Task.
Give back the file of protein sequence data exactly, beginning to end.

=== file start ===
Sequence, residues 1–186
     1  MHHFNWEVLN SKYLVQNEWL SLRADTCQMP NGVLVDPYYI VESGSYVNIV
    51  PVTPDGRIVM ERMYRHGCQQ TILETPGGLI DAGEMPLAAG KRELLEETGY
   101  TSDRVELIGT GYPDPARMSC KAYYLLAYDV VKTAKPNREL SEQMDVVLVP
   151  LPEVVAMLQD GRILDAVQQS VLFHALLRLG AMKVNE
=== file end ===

Sequence, residues 1–186
     1  MHHFNWEVLN SKYLVQNEWL SLRADTCQMP NGVLVDPYYI VESGSYVNIV
    51  PVTPDGRIVM ERMYRHGCQQ TILETPGGLI DAGEMPLAAG KRELLEETGY
   101  TSDRVELIGT GYPDPARMSC KAYYLLAYDV VKTAKPNREL SEQMDVVLVP
   151  LPEVVAMLQD GRILDAVQQS VLFHALLRLG AMKVNE